Inflation has been the topic of much financial discussion in recent months. The high pace of inflation, clocked at 40-year highs, has made everything more expensive. From gasoline to groceries to shelter to clothing, the prices of everyday goods and services have continued to rise.
The strong bout of inflation has given the Federal Reserve reason to hike interest rates aggressively in recent months. The Fed has already raised rates by 75-basis points not once, not twice, but three times. The next hike to come may also include a 75-point raise and could possibly even include a hike of a full 100 basis points.
Some of the data in recent months seemingly indicated that perhaps inflation had finally found a top. A slowdown in jobs, manufacturing, real estate or other key areas of the economy could potentially point to a slowdown for price pressures. The possibility of a slowdown in prices has kept markets calmer than they may otherwise have been. Hopes for a Fed reversal have also remained fairly consistent. Some still hope, and believe, that the Fed is likely to take a pause on its rate hikes and possibly even begin to lower rates again. While this is always “possible,” it is highly unlikely at this point in time.
Recent inflationary data showed that price pressures have really gone nowhere. This past week, the latest CPI data showed that prices were 8.2% higher for September than the year prior. Perhaps of even greater concern is the core inflation rate. Core prices were 6.6% higher than the year before and were the highest recorded in four decades. The core inflation rate is the more stable reading of the two, and a higher core rate points to trouble ahead.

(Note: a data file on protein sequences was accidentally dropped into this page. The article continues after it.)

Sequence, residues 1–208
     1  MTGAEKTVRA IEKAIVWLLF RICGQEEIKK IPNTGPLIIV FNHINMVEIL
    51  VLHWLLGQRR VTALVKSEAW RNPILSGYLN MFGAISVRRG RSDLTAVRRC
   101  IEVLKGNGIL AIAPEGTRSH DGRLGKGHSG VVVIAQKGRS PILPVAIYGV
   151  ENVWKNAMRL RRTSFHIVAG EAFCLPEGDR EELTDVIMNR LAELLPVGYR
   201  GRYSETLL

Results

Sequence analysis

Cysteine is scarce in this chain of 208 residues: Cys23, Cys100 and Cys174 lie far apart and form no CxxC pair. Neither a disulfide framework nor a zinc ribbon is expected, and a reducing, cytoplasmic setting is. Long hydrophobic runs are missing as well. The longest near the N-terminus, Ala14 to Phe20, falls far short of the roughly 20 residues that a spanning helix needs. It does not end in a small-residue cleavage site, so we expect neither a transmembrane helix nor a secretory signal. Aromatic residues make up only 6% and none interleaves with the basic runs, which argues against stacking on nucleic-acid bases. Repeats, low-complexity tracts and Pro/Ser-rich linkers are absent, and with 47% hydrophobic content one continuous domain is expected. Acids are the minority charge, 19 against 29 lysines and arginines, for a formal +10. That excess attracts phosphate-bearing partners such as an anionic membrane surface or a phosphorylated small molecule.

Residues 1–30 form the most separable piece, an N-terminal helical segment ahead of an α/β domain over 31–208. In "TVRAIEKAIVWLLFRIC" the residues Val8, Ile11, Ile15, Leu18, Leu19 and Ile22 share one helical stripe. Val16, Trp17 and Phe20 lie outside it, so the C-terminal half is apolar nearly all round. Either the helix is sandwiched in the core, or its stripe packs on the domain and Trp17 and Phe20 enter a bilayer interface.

Central bankers have already raised rates by 300-basis points this year. With a hot core inflation reading still in play, however, the Fed may have significant work left to be done. Inflation may not only have not peaked as of yet, but could still increase further in the next 12-18 months. If prices continue to rise, the Fed may have little choice but to keep hiking interest rates aggressively. This may not only slowdown the economy, but could lead it straight into a major recession.
The gold market has been under some pressure in recent weeks and may continue to see downside pressure if it remains below some key technical levels. The king dollar may keep gold prices from making a sustained move higher as long as it keeps rising. It may continue to rise as long as the expectation for higher rates remains firmly in place. The gold market may remain sideways to lower during that time as well. Once the Fed does signal that rates are high enough or likely to reverse, the gold market could see a sustained breakout that could take it back to all-time highs or beyond very quickly.